Archives for posts with tag: Beatles

The college football season begins at the end of the month…and although I know we all spent the offseason not at the pool reading and doing crosswords but completely focused on the minutiae that is football 24/7. For those who decided to either get a life or leave the country briefly…:

Alabama starts where they finished. Again. The two-time defending National Champs begin 2013 ranked #1. Bad omen? The Crimson Tide began 2011 #1…and that’s the only time in the last four years they didn’t go on to win the title. As serious as they are down there, I’m surprised Tide fans didn’t try to stuff the ballot box for other teams.

Johnny Manziel is in a heap of hurt. The reigning Heisman Trophy winner has been a magnet of attention this past offseason…from living up the celebrity role like few college athletes can (his family is loaded) to allegedly signing autographs for cash. Partying at the University of Texas in Austin (an insult to Longhorn fans because they think they’re too good to hang out with Aggies…and an insult to Aggie fans because why would he want to hang with those snobs instead of his own kind?). Tweeting how he can’t wait to leave College Station. I’m surprised Manziel didn’t challenge the devil himself to a fiddling contest. All while the rest of the SEC lies in wait…

Introducing the American Athletic Conference (of America). The broken pieces of the Big East added a few schools from Conference USA–and like the Beatles album “Yesterday and Today” that didn’t really exist in the UK…a league is born. No butcher cover here–this is a conference I’m sure many will not care about. Two schools already have their bags packed for the ACC (Louisville) and Big Ten (Rutgers). I hope they use velcro on the league flag.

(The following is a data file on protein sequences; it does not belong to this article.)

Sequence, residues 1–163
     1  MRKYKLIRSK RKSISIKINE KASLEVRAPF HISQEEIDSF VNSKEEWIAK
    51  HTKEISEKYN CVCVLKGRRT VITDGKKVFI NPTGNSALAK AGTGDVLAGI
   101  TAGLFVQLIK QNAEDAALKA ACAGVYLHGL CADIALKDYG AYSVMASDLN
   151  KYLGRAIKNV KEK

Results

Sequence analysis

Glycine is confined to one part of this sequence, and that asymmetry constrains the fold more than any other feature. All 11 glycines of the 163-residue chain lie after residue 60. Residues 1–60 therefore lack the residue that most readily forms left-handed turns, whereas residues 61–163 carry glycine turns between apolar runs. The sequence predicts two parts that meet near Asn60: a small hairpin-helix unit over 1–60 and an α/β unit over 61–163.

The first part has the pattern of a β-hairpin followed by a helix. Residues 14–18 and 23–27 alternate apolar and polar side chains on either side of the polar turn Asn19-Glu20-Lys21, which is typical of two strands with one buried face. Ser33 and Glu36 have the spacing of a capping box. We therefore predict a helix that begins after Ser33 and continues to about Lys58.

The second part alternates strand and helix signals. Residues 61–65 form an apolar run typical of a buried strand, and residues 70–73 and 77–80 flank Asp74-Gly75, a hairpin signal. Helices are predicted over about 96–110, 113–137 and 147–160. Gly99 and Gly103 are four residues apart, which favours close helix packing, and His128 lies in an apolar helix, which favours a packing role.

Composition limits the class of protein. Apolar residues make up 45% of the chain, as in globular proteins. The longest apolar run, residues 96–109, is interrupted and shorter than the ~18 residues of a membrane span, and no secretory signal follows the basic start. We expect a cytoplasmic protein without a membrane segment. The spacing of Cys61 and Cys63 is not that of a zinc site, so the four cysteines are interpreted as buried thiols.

Speaking of changes, the ACC is “Now with 17% more!” as Syracuse and Pitt join the league this fall. The Orange caught fire after one of their favorite alums watched them rally past South Florida on Halloween weekend…and the Panthers still haven’t been the same since they ditched the Tony Dorsett/Dan Marino era royal blue jerseys with gold helmets and script “Pitt” as opposed to “PITT”. Just what ACC football needs…two schools that have won national titles but haven’t won 10 regular season games since the Reagan Administration. But don’t get that ACC Map tattoo just yet–the league adds Louisville (after the Cardinals load up on American Athletic Conference swag) while waving goodbye to founding member Maryland. And that’s not including the league allowing Notre Dame to stay married to its independence while treating the ACC like a cheap mistress for its “needs” in sports it doesn’t make a ton of cash in.

Maryland looks to turn the corner in Coach Randy Edsall’s third year…and after 2011’s surprise implosion and last fall’s injury riddled stagger, six wins and a bowl before the Terps go into the Big Ten would be beyond huge. Lightning rod Stefon Diggs returns to provide thrills and chills at Byrd Stadium…the only question being who will be his big play partner? Quarterback CJ Brown is back after missing 2012 with a torn ACL…while transfer Ricardo Young already is familiar with Coordinator Mike Locksley’s offense. The much maligned offensive line of last year (39 sacks allowed, 2.6 yards per carry) needs to gel better this fall…and the defense needs to make more big plays (4 interceptions, 16 fumble recoveries and 28 sacks). The schedule plays in a manner that would lead one to believe November will be nail-biting as the Terrapins zero in on six wins.